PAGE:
“Reasonable cause” for production of taxpayer information from the IRS in a public corruption investigation is less than “probable cause.” USMJ denial of order overruled. In re United States for Taxpayer Return Information, 2016 U.S. Dist. LEXIS 119895 (E.D.Ky. Sept. 6, 2016):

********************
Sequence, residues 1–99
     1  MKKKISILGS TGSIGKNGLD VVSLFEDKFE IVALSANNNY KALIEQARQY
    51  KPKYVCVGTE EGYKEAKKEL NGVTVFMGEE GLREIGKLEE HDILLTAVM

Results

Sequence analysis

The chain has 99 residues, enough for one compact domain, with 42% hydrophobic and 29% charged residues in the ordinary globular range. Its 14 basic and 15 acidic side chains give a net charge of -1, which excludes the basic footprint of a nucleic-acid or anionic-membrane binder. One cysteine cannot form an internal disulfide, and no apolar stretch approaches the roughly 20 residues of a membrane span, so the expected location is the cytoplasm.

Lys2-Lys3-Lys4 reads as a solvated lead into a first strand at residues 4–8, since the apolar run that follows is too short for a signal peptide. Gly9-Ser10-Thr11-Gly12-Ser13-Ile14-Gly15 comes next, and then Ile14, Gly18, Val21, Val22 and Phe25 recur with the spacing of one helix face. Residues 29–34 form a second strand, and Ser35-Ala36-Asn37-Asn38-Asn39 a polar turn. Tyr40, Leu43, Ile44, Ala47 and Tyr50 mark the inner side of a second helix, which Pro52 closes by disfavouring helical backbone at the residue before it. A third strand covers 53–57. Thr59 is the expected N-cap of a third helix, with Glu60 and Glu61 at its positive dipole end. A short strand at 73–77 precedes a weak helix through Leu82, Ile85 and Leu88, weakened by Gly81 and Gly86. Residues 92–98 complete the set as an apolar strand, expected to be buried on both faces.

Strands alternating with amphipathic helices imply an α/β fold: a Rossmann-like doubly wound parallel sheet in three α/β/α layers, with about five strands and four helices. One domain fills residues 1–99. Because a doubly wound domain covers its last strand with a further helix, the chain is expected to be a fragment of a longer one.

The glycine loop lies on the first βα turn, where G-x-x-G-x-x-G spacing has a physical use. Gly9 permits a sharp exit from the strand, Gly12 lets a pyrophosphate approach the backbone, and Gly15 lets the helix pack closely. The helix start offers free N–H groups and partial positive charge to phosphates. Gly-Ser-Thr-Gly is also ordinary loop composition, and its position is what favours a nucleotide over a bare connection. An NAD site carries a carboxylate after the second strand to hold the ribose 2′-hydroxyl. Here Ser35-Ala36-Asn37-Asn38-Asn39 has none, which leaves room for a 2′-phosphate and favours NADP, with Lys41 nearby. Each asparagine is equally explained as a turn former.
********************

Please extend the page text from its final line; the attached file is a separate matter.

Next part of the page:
The United States of America, pursuant to 26 U.S.C. § 6103(i)(1), filed an application for an ex parte order directing the Internal Revenue Service to disclose certain tax return information in furtherance of a public corruption investigation. United States Magistrate Judge Hanly A. Ingram reviewed the Government’s application and denied it, and the United States now appeals that decision to the undersigned. Importantly, the Government argues the “reasonable cause” standard of proof required under 26 U.S.C. § 6103(i)(1)(B)(i) presupposes a lesser burden than the “probable cause” standard which Judge Ingram applied when reviewing the application. For the reasons that follow, the Court agrees with the United States and finds that § 6103(i) requires the Government to satisfy a lower evidentiary threshold than “probable cause” to obtain a court order under the statute.